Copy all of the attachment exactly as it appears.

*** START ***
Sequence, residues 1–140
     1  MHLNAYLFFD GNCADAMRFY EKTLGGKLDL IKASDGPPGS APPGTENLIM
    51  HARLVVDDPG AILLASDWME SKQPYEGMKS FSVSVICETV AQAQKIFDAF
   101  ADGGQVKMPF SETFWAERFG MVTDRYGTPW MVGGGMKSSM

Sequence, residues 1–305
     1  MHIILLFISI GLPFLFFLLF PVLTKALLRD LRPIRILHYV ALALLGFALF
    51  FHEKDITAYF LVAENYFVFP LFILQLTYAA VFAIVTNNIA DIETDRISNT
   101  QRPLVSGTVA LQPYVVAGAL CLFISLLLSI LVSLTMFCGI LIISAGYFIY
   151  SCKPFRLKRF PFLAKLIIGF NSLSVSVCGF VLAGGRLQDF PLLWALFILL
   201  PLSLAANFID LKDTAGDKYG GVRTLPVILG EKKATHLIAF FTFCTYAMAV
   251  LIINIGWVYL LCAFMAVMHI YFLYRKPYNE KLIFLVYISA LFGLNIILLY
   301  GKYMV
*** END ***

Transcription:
Sequence, residues 1–140
     1  MHLNAYLFFD GNCADAMRFY EKTLGGKLDL IKASDGPPGS APPGTENLIM
    51  HARLVVDDPG AILLASDWME SKQPYEGMKS FSVSVICETV AQAQKIFDAF
   101  ADGGQVKMPF SETFWAERFG MVTDRYGTPW MVGGGMKSSM

Sequence, residues 1–305
     1  MHIILLFISI GLPFLFFLLF PVLTKALLRD LRPIRILHYV ALALLGFALF
    51  FHEKDITAYF LVAENYFVFP LFILQLTYAA VFAIVTNNIA DIETDRISNT
   101  QRPLVSGTVA LQPYVVAGAL CLFISLLLSI LVSLTMFCGI LIISAGYFIY
   151  SCKPFRLKRF PFLAKLIIGF NSLSVSVCGF VLAGGRLQDF PLLWALFILL
   201  PLSLAANFID LKDTAGDKYG GVRTLPVILG EKKATHLIAF FTFCTYAMAV
   251  LIINIGWVYL LCAFMAVMHI YFLYRKPYNE KLIFLVYISA LFGLNIILLY
   301  GKYMV